I wonder, too, exactly how long the lines between races will stay sharp.  They’re blurring already, and writers and readers are both trying to figure out how that affects their perceptions of characters.  For an interesting observation on the failure of race to color inside the lines, see sci fi writer Tobias Bucknell’s great post on his experience as a “Caribbean writer.”

President ObamaI think about this today, because of all the hubbub in the news about our new president.  Many commentators have remarked that “a black family in the White House changes everything.”   On certain levels, I have no doubt that they’re right.  The Obamas represent a sea change for racial minorities in America.  Barack Obama even gets mentioned in my book, as some successful counterpart to my narrator.  The son of a white woman and a black (and largely absent) father, my narrator is in the same awkward gap Obama has described being in: too black to fit in with white people or too white to fit in with black people.  Neither one nor the other.  Neither hot nor cold, but lukewarm?

As I contemplate the process of querying this book, I am in uncertain waters.  The book, though it has elements of the fantastical in it, doesn’t truly fit with the “urban fantasy” genre.  I have called it “literary fiction with magical realism,” but perhaps it has too much action to suit literary tastes.  It’s perhaps too raw and ugly to consider itself  “commercial fiction with magical realism.”  I find myself looking at agents who represent “multi-cultural” novels, but I always end up with the same question: Am I out of the running for multi-culti because I am so pasty white?  Will my skin color become an issue more than the contents of the book?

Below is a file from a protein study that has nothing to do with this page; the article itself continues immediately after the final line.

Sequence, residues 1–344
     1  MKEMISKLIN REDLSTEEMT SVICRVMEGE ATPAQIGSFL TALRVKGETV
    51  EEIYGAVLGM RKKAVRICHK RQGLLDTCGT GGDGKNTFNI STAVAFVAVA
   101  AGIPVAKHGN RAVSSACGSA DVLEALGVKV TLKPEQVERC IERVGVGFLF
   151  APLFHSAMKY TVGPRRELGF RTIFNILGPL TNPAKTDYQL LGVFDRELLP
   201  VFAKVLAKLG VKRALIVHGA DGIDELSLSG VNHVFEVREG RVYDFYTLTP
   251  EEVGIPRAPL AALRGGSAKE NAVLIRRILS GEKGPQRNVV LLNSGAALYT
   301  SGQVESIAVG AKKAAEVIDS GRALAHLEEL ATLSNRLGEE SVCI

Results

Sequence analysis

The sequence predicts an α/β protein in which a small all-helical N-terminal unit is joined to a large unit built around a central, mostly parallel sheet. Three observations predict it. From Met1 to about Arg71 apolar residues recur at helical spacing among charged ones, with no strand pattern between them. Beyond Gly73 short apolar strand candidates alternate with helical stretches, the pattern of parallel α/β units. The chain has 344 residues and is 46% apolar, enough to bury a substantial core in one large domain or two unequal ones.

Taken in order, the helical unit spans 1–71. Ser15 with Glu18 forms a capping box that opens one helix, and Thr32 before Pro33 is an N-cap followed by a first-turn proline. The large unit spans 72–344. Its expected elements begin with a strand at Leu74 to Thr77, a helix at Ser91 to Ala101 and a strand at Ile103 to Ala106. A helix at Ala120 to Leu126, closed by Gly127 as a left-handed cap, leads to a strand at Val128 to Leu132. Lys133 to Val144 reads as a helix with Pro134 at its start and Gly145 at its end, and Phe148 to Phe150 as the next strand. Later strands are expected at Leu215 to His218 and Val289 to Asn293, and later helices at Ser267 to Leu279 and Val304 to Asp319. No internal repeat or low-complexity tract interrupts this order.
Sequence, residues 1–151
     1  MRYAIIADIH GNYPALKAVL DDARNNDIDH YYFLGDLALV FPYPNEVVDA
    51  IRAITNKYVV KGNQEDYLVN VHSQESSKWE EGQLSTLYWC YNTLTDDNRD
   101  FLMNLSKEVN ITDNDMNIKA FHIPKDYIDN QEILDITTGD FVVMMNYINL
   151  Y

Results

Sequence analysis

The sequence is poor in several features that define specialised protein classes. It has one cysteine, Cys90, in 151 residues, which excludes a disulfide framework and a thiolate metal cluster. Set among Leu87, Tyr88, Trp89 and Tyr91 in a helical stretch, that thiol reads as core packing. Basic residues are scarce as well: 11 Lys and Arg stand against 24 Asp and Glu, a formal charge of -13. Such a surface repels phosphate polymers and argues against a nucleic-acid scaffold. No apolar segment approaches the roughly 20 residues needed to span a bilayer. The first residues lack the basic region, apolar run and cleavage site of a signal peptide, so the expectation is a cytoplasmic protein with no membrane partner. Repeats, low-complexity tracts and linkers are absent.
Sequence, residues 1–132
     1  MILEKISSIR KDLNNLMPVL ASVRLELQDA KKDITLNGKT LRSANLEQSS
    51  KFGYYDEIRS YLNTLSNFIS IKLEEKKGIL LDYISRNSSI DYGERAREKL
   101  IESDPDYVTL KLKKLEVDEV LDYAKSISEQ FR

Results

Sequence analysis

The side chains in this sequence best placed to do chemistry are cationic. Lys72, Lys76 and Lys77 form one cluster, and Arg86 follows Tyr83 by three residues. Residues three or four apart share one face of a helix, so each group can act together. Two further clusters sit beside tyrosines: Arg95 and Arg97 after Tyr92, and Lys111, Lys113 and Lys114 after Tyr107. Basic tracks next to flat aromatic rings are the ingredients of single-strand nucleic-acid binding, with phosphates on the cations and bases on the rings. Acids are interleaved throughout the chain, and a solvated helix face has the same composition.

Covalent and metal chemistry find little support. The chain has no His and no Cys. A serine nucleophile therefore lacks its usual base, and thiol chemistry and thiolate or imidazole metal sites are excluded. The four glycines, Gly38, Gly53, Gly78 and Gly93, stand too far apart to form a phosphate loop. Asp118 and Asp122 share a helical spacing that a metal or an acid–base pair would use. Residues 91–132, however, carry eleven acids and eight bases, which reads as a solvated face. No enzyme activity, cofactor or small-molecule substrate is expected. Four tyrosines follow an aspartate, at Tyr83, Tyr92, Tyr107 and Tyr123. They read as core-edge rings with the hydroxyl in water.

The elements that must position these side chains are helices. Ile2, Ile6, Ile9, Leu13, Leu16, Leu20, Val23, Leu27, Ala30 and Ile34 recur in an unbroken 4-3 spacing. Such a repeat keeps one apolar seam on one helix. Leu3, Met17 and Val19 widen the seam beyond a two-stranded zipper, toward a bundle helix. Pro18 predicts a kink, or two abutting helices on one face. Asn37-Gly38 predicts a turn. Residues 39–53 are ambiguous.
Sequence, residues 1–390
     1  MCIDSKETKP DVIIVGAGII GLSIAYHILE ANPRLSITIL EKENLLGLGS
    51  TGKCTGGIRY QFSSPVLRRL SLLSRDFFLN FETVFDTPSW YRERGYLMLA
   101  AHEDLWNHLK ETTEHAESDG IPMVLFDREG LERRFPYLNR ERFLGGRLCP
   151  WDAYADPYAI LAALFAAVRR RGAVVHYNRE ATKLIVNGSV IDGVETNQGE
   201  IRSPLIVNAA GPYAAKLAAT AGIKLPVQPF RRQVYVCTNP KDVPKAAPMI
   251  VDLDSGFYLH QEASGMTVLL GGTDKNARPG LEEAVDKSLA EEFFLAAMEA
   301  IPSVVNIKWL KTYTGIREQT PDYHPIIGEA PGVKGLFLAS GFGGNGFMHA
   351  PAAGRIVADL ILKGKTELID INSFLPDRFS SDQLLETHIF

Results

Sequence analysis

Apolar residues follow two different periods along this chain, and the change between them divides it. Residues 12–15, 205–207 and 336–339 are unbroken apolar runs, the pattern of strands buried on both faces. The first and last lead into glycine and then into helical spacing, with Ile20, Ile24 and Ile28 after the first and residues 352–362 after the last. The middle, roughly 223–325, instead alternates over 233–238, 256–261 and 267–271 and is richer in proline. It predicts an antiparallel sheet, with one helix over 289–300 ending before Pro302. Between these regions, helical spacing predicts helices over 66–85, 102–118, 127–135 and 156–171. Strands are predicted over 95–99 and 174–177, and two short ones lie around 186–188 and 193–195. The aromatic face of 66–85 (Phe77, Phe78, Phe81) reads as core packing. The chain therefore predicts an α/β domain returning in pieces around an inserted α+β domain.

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As I  discovered when I started writing my novel about a death row inmate, it’s not possible to write an apolitical story that involves capital punishment.  Either my character was destined to remain unsympathetic, or I was going to make my readers sympathize with a murderer.  I chose the latter and in making my protagonist sympathetic, I found I’d inadvertently crafted an argument against the death penalty.  Perhaps there are people who can simultaneously sympathize with a person and nod approvingly at his execution, but I’m not one of them.  Yes, he’s crass and mostly without remorse and willing to kill again if it suits his purposes, but he is still human.  Painfully human.  Capable of being hurt.  Capable of being healed.  He’s not a monster, as inconvenient as that is.  Many death penalty supporters would like to believe that all murderers are monsters.  That would make killing them easier.  It would relieve us of our ambivalence and our uncertainty.